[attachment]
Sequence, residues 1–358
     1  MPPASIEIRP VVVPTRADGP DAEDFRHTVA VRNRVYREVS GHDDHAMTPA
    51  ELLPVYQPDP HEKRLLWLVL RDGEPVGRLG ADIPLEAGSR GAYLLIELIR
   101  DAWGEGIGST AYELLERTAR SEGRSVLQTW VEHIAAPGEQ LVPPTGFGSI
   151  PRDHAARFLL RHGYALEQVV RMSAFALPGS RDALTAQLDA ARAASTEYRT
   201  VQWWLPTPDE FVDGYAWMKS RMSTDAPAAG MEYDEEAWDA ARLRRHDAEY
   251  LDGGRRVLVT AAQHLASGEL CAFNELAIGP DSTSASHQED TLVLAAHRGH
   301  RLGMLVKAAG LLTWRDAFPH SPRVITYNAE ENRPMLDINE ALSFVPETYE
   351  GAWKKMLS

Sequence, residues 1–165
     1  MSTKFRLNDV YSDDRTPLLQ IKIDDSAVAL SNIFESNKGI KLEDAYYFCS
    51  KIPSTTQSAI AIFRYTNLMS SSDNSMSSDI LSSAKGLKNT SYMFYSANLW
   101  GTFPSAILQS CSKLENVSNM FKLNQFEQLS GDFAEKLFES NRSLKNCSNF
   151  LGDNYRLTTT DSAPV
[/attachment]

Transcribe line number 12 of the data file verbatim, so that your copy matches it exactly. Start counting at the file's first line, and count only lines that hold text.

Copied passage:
    51  KIPSTTQSAI AIFRYTNLMS SSDNSMSSDI LSSAKGLKNT SYMFYSANLW